If you’ve been looking at the Chemical Biology course page with quizzical eyes, wondering how it differs from the very similar sounding Biochemistry, or want to have some nice ~student perspective~ about the course, you’ve come to right place! And if you’ve here hoping for an explanation for the title, skip to the final section 🙂
For this blog, I’ve had the pleasure of collaborating with my classmate Larissa Chia, who’s been fabulous in offering both fantastic content as well as great perspectives. We’re hoping that our collaboration will really enrich your reading experience!
Now without further ado: here we go!
According to our introduction lecture, the course can be broadly summarized in 3 categories. I’ve added the most succint explanations I can cook up along with them:
- Structural biology looked at the structures of macromolecules (DNA, RNA, proteins) as well as ways to determine and analyze them.
- Chemical biology looked at different ways to use chemical reactions and probes to reveal more about reactions, structures, genetics, etc.
- Drug discovery was about the process from an idea to a drug on the market, and the steps along the way like lead identification, development, testing, etc.
The lecturers were mostly researchers and clinicians who had used or researched what they were talking about, be it a particular technique or a concept. So they knew the subject matter very well. Perhaps a bit too well, as I would realize in the NMR and X-Ray crystallography lecture series.
Most lectures were concise and informative beyond the textbook, and hearing from scientists who gave comparisons of the methods and actual complications was a huge added bonus, even if they’re not tested in the exam.
Tip: use the book in conjunction with the lectures as much as you can: it will be enormously helpful in putting your new knowledge into context.
Labs, labs, labs <3
So there were two labs in this course:
- The Computer Lab called for the use of protein structure manipulation software such as Chimera and Pose View to retrieve information of structures for drug discovery. Both Larissa and I are of the opinion that it was occasionally rather tedious but an awesome learning experience on the whole.
2. The Inhibitor Characterization Lab looked at characterizing the PTP1B enzyme that we worked with in the Biochemistry course (read the review for more info!). This was done in pairs (a vestige of our time in the lab while we were distance learning due to Covid-19), and analyzed a lot of data.
While we unfortunately, we didn’t do any practical work due to distance learning, I think the labs really gave us time to focus on the theory and data analysis.
Tips for the labs:
- Discuss your work and process friends, especially Chimera. We often sat on call with each other and gave each other moral support and advice.
- Ask the teaching assistants if you need help! They’re there to make it easier for you.
- Start early! Lots of graphing and calculation work was involved so do it for your own sanity.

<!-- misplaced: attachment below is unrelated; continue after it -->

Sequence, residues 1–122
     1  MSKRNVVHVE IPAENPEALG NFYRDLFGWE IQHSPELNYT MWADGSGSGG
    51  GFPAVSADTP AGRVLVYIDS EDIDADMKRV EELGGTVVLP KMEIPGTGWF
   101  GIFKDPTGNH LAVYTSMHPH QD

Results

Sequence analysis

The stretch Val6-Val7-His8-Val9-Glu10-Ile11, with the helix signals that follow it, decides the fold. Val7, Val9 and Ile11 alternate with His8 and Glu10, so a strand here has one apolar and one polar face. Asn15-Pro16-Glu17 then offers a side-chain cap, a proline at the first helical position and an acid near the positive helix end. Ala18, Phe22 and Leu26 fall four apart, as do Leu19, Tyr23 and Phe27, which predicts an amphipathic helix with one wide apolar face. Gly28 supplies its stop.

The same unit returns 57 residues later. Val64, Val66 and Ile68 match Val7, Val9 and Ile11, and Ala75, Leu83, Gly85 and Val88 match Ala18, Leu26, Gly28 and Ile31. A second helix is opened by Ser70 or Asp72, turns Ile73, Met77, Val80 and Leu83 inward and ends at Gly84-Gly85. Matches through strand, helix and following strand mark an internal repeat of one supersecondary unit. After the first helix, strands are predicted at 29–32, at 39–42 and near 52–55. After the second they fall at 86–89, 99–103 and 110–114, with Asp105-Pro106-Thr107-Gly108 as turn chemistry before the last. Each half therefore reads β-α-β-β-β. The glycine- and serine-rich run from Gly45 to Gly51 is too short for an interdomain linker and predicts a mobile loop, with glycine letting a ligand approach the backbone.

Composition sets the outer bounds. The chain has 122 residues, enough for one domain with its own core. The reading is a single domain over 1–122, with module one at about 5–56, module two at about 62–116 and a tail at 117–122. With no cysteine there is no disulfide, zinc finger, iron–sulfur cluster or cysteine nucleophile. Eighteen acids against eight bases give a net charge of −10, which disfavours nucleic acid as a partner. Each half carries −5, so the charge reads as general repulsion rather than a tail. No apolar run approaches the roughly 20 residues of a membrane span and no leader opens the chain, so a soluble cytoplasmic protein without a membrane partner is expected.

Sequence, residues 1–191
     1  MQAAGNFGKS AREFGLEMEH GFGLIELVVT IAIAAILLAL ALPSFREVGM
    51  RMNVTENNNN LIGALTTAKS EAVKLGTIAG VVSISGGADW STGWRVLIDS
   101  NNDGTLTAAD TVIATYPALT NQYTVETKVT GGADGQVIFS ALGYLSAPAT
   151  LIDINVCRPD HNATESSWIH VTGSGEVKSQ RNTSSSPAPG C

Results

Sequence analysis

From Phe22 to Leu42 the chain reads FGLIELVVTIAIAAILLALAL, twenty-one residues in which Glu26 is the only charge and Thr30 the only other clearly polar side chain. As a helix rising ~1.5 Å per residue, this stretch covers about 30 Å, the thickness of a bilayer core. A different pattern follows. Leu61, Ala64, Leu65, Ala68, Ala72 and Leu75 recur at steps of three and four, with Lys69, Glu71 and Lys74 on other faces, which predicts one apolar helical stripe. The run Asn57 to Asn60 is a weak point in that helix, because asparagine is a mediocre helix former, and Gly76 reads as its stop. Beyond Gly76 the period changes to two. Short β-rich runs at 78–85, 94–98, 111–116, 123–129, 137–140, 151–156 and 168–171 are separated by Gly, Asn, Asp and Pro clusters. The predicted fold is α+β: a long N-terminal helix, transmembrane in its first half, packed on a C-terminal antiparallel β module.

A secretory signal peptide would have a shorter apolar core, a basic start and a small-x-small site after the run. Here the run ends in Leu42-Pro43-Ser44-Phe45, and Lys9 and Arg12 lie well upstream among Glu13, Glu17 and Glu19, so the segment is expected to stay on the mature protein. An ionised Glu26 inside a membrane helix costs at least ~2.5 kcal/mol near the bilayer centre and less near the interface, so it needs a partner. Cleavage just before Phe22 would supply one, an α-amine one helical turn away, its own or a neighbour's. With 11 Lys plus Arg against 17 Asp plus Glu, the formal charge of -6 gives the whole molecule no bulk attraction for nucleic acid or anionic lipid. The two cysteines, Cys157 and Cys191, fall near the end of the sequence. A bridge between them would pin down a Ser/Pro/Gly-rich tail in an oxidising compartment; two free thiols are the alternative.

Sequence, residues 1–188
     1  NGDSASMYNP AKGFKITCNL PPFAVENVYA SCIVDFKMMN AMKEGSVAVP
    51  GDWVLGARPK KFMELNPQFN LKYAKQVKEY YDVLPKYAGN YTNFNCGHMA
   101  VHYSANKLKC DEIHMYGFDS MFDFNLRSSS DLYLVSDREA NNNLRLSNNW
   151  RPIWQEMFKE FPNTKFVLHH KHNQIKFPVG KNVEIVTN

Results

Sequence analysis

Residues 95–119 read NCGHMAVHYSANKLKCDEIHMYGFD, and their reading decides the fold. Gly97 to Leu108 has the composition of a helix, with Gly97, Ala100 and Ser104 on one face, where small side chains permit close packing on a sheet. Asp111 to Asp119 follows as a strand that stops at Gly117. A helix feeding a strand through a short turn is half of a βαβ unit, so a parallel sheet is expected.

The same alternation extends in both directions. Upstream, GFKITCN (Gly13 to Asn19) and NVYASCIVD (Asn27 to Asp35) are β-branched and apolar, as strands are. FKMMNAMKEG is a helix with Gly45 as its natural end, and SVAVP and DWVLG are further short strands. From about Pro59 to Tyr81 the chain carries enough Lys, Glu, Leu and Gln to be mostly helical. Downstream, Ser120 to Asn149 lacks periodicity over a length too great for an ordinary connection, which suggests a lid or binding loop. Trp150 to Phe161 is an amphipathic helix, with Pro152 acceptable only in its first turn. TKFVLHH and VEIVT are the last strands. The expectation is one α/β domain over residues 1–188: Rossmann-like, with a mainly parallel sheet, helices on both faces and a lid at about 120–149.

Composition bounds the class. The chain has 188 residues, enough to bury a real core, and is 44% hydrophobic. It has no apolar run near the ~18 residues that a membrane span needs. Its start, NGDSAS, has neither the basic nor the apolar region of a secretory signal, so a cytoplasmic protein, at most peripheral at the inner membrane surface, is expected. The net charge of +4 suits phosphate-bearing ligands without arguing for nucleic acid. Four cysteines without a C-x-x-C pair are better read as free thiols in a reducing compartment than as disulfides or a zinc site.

- Save your work, especially in Chimera where the software on my computer was quite fond of freezing.
The project work at the end of the course served both as a summary and an exploration of what we learned throughout the course. We were split up into groups and assigned a different disease as a starting point.
We had to pick a target protein of interest for the disease and then choose one of two paths to traverse: create and propose an experiment for discovering a drug or explore how existing drugs function on a chemical level. It’s a broad project aim so being a good team player is key!
Disclaimer: This describes the exam for Spring 2020, and may not apply to future sessions!
The final exam was split into 2 parts:
- The Theory Part called upon knowledge mostly from the structural biology and chemical biology components. The questions were short and in a sort of MCQ style, which I quite liked! Knowing your amino acids and Ramachandran plot is indispensable.
- Case study paper where we were expected form hypotheses and conclusions based on the findings as well as generate related PoseView structures and pharmacokinetic models.
The time constraint for the drug discovery case study may make it more challenging. Time went by fast during this exam, and a lot of us would’ve liked some extra buffer time for uploading our work. But I wager that you’ll do great if you keep an eye on the time and try to finish early!
A great tip from Larissa is to prepare using Introduction to Medicinal Chemistry by Graham Patrick, where similar case studies were examined by the author.
Inika: One of my favourite parts of this course was the project work. It was really great working with my teammates and brainstorming how to make our presentation work! I loved researching the drug target we picked (the Smoothened protein) and looking at how exactly different drugs affected it.
Larissa: I especially enjoyed the drug discovery part because of its clinical relevance; learning to construct and understand pharmacophores and pharmacokinetics was pretty cool!
I hope this has been useful and provided insight! Two heads are often better than one, and in the true spirit of studying at KI this blog is the result of some solid teamwork. As always, you can reach out to me with questions at email@example.com
ATCG and More: The canonical pairings of the bases in DNA as proposed by Watson and Crick in 1953 are Adenine to Thymine, and Cytosine to Guanine. Since then, alternative base pairings such as Hoogsteen base pairs and Wobble base pairs have been discovered and also found to play a role in the nucleic acid structures.
~An Inika and Larissa Collaboration~
Hello, Inika here. I’m a third-year Biomedicine bachelor’s student at KI. I'm from India and a little bit from Sweden. As a Digital Ambassador Blogger, I'll be writing about my programme, things happening in and around KI, and giving insights into university life.